That dynamic became obvious after Labor Day when Mourdock attempted to ditch his anti-bipartisanship rhetoric with Lt. Gov. Becky Skillman insisting in a TV ad that Mourdock “will work with Republicans and Democrats.” The Indiana Bellwether Barometer – which monitors newspaper, TV, Facebook, Twitter, YouTube and other media outlets – published in the Sept. 20 edition of HPI by Matthews noted that Hoosier voters were skeptical about Mourdock’s tacking away from what had been his core issue. An AP story today calls it Mourdock’s “extreme makeover.”
    
Many Hoosier Republicans believe that Mourdock will ultimately win with what they expect will be an overwhelming GOP wave in the state. And while Romney’s 12% lead and Pence’s 13% advantage are robust, they come up short of what would be considered a landslide with coattails.
    
If there is a silver lining in this poll for Mourdock, it comes with the question: Do you support a candidate who voted for the $80 billion dollar federal loan to Chrysler and General Motors or a candidate who strongly opposed the $80 billion federal loan to Chrysler and GM. By a 47-40% margin, survey respondents backed the former over the latter, which matches Mourdock’s position when he filed suit against the Chrysler/Fiat merger in 2009. Cross tabulations show that Mourdock is carrying 70% who opposed the rescue, while Donnelly is carrying 65.9% who backed the bailout.
    
In the 5th CD – home of the largest Chrysler industrial complex at Kokomo – 46.9% supported the rescue while 42.8% opposed. In the neighboring 6th CD, 32.1% supported the rescue while 54.6% opposed. In Donnelly’s home congressional district (now without Kokomo) 36.6% supported the rescue and 51.9% opposed. But in Mourdock’s home 8th CD (with a big Toyota plant) 39.1% supported the rescue and 42.9% opposed. It’s intriguing that in the 3rd CD, where a GM truck plant and dozens of auto supplier companies, almost 60% oppose the auto rescue.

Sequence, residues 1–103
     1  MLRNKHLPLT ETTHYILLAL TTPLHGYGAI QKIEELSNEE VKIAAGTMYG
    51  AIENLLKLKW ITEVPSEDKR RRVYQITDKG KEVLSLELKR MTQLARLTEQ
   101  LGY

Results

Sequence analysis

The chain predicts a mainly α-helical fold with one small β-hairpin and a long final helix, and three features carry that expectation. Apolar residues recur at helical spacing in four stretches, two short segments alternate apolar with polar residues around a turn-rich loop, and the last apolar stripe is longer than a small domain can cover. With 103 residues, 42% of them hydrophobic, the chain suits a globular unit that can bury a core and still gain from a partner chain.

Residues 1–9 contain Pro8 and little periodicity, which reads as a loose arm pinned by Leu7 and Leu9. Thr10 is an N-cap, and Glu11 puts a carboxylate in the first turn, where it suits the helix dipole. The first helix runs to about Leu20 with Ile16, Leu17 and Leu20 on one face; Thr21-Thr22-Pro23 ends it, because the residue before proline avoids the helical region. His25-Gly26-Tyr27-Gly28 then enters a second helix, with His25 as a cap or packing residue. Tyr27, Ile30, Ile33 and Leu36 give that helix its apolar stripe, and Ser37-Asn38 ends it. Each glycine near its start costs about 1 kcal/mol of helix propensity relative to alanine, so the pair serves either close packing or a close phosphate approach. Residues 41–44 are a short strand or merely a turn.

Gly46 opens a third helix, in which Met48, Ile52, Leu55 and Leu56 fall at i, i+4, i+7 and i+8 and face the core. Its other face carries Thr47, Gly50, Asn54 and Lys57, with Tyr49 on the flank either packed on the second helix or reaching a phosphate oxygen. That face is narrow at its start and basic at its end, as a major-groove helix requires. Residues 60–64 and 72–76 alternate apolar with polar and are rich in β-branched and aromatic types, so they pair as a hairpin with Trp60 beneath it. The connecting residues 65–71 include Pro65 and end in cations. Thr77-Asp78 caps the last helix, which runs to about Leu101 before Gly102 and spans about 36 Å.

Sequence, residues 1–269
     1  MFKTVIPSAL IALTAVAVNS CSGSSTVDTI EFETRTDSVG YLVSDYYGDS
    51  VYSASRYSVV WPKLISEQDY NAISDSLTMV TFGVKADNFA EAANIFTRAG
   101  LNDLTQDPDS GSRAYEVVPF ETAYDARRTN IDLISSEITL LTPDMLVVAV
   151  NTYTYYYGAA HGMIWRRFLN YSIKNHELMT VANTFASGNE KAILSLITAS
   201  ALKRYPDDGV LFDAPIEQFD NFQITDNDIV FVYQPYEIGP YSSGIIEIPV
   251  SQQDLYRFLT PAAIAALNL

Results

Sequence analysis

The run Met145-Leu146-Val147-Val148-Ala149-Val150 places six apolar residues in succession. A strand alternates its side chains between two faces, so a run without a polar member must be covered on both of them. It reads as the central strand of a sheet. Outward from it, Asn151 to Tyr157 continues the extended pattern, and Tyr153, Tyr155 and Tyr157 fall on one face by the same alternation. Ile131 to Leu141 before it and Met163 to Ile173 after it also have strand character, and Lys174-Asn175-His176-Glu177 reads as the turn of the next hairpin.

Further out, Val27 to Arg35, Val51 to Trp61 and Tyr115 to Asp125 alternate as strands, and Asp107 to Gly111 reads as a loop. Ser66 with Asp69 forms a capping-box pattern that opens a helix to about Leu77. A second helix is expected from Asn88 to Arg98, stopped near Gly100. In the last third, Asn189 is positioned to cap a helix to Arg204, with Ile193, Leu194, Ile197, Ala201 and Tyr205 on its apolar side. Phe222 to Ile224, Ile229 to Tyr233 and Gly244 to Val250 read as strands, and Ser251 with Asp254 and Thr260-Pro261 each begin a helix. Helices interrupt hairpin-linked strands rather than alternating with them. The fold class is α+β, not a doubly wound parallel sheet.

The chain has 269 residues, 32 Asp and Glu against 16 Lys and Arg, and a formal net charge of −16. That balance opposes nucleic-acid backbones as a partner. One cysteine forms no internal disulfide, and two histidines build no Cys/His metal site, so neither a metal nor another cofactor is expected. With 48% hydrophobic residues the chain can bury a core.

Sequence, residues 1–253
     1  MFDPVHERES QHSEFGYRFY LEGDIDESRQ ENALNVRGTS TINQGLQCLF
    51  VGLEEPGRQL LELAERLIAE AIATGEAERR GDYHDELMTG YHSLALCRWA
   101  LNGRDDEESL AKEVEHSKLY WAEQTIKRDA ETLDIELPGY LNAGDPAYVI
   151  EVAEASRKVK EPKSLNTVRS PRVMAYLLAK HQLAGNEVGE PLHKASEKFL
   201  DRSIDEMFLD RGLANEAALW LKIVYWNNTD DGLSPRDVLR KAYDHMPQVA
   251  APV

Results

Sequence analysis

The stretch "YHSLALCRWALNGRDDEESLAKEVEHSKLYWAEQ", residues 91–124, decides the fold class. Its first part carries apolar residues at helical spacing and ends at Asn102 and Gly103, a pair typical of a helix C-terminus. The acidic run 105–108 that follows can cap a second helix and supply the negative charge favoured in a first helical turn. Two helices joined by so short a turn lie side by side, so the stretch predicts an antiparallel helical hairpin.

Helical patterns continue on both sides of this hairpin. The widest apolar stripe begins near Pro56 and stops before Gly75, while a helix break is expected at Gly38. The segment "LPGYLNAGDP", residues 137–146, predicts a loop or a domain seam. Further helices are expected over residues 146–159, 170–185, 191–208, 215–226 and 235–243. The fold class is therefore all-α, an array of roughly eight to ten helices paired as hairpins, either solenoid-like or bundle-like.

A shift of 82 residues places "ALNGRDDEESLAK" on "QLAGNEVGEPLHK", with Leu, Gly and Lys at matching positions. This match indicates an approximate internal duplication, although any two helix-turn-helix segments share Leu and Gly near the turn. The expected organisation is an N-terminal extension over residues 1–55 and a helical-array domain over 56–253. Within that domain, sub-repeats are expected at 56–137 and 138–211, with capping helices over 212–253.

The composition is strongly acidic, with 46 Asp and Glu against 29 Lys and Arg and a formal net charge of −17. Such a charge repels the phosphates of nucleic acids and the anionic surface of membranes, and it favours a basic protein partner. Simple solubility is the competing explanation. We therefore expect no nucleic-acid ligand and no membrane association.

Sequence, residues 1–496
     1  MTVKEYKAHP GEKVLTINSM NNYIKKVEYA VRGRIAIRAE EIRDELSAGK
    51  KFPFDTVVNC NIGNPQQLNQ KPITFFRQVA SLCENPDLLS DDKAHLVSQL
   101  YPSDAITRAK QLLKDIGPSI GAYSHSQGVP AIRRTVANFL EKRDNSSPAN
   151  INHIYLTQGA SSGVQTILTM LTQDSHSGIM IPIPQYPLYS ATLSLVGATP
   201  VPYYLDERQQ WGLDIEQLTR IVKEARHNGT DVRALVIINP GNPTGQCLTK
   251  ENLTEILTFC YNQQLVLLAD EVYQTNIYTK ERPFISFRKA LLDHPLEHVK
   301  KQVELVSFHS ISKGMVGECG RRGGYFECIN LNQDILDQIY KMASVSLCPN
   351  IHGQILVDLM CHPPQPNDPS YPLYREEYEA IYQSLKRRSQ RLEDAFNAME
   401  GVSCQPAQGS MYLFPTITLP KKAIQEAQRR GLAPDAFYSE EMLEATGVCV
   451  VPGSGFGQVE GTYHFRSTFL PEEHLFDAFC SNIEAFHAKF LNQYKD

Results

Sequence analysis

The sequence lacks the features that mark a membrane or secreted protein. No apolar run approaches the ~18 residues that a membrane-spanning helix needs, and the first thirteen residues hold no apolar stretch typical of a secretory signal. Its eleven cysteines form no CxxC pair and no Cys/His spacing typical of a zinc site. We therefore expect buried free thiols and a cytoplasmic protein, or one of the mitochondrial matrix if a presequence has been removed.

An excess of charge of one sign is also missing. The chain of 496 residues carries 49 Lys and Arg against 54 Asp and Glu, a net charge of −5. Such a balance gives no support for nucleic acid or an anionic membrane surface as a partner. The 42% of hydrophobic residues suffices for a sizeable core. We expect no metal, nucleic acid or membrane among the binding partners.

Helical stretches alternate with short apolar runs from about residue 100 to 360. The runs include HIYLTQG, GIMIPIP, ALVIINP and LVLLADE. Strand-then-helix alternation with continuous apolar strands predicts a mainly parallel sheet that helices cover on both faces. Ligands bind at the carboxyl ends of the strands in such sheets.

When it comes to the other big issue in the Senate race – entitlements – Hoosier voters are evenly split.
    
Howey/DePauw asked: Do you support a candidate who says Social Security and Medicare will become bankrupt and jeopardize the retirement security of future generations without immediate reforms? The poll shows that 42% support that position, which aligns with Mourdock. When we asked do you support a candidate who opposes any move to reform Medicare and Social Security that will reduce benefits for current retirees or change the structure of the system? 43% backed the position that is aligned more with Donnelly. The Donnelly and Mourdock campaigns and their Super PAC supporters have waged an intense TV war over this issue.
    
The other opening for Mourdock could come if Super PACs like Karl Rove’s Crossroads GPS come to the conclusion that Mitt Romney is going to lose to Obama, and they steer money into shoring up Senate and House races. There is a scenario where Mourdock could find several million more dollars dumped into his out-sourced campaign. The bookend to that is such a scenario might allow the Obama campaign to also help in Senate races if it believes his reelect is a lock. Obama ads touting the auto rescue - which have put his campaign on a frontrunner footing in neighboring Michigan and Ohio - could have an impact in Indiana where it hasn’t spent much money, and give Donnelly tailwind. Horse Race Status: Tossup